Dirck Schou purchased HF Coors in 2003 and relocated the long-running business to his hometown of Tucson. Today, the company employs about 50 staffers who create dishware for the restaurant industry as well as colorful items for consumers. In the factory’s store, Schou shows off the best-selling Acapulco line. Each rainbow-hued piece is hand-painted. The black and brown mugs were created for the cult TV show, “Twin Peaks.”

It’s a hypnotizing process. Repetitive shapes moving quickly down conveyor belts and stacked on shelves 6-feet-high. Two to three tons of clay per day are transformed into beautiful, long-lasting dishware that can be found at some of the country’s top restaurants—as well as in discerning homes throughout Arizona. 


HF Coors was founded in 1925 by Herman Frederick Coors, youngest child of beer magnate—yes, “that” Coors—Adolph Coors. In addition to his brewery, Adolph operated the Coors Porcelain Co. During World War I, the plant supplied the U.S. government and various manufacturing industries with chemical porcelain, and the product helped keep the brewery afloat during prohibition.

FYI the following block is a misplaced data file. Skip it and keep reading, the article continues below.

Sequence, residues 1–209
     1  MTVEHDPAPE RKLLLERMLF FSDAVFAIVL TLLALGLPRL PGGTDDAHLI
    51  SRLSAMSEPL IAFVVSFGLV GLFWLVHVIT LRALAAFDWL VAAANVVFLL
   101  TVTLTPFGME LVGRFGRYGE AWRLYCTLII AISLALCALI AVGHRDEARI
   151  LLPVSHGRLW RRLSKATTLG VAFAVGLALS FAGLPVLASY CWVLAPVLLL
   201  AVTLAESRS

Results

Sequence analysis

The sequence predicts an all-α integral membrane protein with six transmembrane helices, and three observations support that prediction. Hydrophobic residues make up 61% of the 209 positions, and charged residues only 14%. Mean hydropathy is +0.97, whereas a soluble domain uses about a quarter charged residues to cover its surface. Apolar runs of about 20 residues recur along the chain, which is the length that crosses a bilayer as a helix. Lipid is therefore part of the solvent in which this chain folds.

When Herman’s older brother was tapped to take over the beer business, the younger Coors decided to go to Southern California, where he hoped to develop a factory that would make hotel china. In 1925, after months of research, he opened what was then called HF Coors China Company Inc., in Inglewood. Passing through several hands over the following years, it remained in its location near Los Angeles International Airport—until it was purchased by Dirck Schou. 

Tucson native, West Point graduate and Vietnam veteran, Schou had previously owned and operated a ceramics company in England that made dinnerware, crockpot inserts, cookie jars and other items. In 1990, he returned to Tucson and, with the help of master potter and Phoenician, David Sounart, started Catalina China, which produced mugs. 

“I had known about HF Coors for a long time,” says Schou. “I’d been looking to acquire a pottery factory in the U.S. and hopefully move it to Tucson.” An acquaintance told him in late 2002 that the company was for sale and was going to close down if it didn’t find a buyer. “I didn’t want it to go out of business because it had been around for so many years,” Schou adds.

By the summer of 2003, Schou had crews working in California and Tucson to get ready for the move. “First, we had to buy a building. Then we had to load up all of the machinery and inventory—everything—and bring it here,” he recalls. “It took us 100 semitrailers over the course of two months to do it.” In February 2004, HF Coors fired up its kiln for the first time in its new Arizona home.